You don’t need to own real estate to create wealth, according to CFP

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  • Buying a home may be the “American dream”, but it is certainly not a prerequisite for building wealth.
  • Owning a house is expensive, even if you rent it, and you are never guaranteed a profit.
  • Instead, consider REITs and maximize your investments in the market to create long-term wealth.
  • Find a financial planner near you with SmartAsset.

We are often told that buying a home is one of the biggest investments we can make. But just because it’s the “American dream” and a tangible sign of success for many doesn’t mean it’s your best option if your goal is to build wealth.

While real estate can increase your balance sheet and play a role in growing your wealth, it is vital to understand that you don’t to have buy property to get rich.

Let’s break down some of the myths about real estate as an investment that can mislead you, and in the meantime, show why real estate isn’t a prerequisite for building assets.

The real estate sector is not always a good investment (or even an investment)

“Always” and “never” have no place in the vocabulary of an experienced investor. There are no safe bets or guarantees, especially when it comes to real estate, because there are so many variables that fall both in and out of your control.

Factors beyond your control include:

If you are interested in becoming an owner or changing ownership, you may have a little more influence between these variables as well. For example, you may be able to hold onto a property until the market is no longer favorable, but then cash and expense issues come into play.

Homes are expensive and illiquid assets that incur expenses every step of the way, from maintenance to the buying and selling transaction. Every dollar that goes towards cost is a dollar that consumes your potential profit.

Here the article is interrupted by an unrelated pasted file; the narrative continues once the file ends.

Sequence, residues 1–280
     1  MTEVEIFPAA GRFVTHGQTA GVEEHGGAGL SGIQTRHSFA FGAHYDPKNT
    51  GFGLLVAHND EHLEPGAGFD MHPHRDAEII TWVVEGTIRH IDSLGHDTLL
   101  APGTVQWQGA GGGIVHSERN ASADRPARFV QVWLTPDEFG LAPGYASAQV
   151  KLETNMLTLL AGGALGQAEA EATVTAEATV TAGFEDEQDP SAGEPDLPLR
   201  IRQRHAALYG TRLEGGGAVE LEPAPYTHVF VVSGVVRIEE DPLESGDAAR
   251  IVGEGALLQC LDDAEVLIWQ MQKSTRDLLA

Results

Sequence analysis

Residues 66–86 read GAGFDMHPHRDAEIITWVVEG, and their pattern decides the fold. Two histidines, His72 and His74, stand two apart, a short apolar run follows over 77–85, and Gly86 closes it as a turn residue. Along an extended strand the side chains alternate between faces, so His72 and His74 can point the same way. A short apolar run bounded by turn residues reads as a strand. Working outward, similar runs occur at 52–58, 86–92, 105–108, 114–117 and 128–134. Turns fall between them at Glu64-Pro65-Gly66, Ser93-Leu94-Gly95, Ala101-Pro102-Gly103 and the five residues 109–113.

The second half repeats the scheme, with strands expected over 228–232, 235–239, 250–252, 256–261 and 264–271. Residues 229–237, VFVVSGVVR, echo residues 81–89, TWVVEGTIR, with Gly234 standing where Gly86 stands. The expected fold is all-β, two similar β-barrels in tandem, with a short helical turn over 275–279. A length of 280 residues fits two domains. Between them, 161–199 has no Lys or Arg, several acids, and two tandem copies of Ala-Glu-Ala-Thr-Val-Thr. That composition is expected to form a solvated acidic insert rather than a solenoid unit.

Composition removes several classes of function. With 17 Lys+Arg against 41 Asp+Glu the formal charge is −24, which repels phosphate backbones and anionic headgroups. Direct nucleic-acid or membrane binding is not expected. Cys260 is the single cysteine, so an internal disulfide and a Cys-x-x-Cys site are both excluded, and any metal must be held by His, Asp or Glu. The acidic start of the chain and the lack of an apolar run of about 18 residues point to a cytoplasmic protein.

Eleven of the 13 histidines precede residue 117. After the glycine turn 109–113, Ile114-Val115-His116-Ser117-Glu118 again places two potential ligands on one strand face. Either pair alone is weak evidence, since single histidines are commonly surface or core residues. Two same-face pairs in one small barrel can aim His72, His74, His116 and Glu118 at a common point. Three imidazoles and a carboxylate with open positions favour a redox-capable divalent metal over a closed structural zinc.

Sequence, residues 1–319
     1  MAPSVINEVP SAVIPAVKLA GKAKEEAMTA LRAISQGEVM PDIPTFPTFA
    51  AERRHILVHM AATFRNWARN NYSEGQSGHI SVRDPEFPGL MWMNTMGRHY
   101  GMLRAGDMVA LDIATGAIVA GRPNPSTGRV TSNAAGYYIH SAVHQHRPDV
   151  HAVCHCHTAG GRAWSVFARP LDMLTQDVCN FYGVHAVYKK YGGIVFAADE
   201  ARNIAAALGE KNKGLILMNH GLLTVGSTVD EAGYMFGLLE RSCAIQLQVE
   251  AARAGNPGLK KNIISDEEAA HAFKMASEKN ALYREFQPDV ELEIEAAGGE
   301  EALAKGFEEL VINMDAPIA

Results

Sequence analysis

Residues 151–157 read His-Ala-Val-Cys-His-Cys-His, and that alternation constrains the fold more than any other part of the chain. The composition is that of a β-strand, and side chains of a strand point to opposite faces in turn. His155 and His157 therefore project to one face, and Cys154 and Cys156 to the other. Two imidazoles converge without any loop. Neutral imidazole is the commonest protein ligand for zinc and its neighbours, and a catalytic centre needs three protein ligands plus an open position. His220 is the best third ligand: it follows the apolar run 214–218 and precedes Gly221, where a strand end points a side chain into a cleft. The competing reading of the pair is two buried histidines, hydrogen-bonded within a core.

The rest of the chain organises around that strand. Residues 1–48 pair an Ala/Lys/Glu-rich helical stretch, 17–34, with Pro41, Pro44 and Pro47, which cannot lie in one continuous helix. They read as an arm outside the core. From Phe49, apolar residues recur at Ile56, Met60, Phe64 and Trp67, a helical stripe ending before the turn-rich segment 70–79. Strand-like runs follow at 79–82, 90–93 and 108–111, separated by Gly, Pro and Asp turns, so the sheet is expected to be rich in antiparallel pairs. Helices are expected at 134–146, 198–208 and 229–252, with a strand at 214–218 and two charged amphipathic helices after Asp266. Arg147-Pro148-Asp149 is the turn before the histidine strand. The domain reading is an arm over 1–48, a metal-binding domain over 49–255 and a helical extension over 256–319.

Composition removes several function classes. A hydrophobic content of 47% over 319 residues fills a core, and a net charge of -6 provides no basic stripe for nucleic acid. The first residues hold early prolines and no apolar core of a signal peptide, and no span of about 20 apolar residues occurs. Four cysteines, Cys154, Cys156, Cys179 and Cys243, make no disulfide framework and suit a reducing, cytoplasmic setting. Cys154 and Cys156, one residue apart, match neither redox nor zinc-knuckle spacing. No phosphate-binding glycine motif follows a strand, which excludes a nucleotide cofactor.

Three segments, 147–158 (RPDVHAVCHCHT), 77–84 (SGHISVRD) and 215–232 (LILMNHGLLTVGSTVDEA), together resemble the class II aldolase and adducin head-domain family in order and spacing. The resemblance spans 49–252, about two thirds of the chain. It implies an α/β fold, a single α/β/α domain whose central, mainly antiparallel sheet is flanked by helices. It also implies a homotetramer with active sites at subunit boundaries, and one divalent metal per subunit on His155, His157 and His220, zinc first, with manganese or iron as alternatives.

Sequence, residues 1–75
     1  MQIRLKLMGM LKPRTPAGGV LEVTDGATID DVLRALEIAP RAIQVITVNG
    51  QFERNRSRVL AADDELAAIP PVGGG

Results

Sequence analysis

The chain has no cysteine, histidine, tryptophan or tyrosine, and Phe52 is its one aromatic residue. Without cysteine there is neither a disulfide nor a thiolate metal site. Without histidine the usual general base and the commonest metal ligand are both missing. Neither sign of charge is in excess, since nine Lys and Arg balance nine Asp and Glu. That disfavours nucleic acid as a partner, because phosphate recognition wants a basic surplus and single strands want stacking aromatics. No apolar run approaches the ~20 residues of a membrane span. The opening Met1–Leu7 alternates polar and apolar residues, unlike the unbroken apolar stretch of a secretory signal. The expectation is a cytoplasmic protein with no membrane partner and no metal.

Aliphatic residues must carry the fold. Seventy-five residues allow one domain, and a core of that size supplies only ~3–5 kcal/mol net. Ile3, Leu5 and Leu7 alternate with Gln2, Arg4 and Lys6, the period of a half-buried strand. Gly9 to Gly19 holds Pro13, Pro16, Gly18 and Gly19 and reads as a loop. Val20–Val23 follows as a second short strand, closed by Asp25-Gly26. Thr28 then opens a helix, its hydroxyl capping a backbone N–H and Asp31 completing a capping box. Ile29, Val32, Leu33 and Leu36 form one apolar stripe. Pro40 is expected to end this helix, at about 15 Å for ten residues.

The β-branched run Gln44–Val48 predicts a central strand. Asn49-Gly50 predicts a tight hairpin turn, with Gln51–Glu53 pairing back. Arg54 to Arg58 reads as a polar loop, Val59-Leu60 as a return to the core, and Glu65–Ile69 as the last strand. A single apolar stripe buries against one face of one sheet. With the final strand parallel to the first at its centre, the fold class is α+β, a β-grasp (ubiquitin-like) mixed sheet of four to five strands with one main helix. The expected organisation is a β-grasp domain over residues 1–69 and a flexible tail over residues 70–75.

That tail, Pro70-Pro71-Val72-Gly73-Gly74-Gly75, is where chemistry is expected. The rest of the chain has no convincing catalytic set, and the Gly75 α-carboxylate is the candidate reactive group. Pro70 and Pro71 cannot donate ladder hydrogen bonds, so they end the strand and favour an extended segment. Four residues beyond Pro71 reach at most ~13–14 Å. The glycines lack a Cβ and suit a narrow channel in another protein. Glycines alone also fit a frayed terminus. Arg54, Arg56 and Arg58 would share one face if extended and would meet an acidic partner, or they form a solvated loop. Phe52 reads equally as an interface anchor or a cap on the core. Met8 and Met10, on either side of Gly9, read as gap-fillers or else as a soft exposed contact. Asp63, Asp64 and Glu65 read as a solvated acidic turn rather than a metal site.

When it comes to a single-family home in which you live as your primary residence and from which you do not derive a rental income, the idea of ​​an “investment” falls away entirely. At that point, a house is more of a utility than anything else.

For many people, making money, breaking even or losing a real estate deal depends on timing and luck, which is a major reason why relying on property as a way to increase wealth is not the ideal strategy.

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Renting is not a waste of money and the purchase could be riskier

Maybe you understand that homes are expensive to buy and maintain, but you still feel compelled to invest your money in real estate because the alternative looks worse.

After all, you have the opportunity to build equity in a home you own. In the meantime, you throw your money away every month that you remain a renter.


Not so fast. To begin with, a lot depends on your location and the prices of rentals and homes in your specific area.

When I rented in Boston from 2015 to 2020, the rent was actually a lot cheaper than owning – and I took the money I had saved in housekeeping expenses and invested it in the stock exchange for a greater return than I would have gotten. buying and selling a property in the same amount of time.

Renting involves less financial risk than buying a home. The most you pay for your accommodation each month when you rent is the cost of that rent (and a small amount for renter’s insurance). When you own a home, the less the mortgage is likely to pay off every month.

But you’re likely to spend a lot more on all the expenses associated with home ownership, from property taxes and homeowner’s insurance to upkeep and maintenance (which you can estimate will cost you around 4-5% of the value. of a house per year).

Renting also gives you its kind of leverage: by renting, you are more flexible and agile with your finances than you would be if you were burdened with a large illiquid asset that may or may not be easy to dump when you want. When you rent, you buy convenience and choice.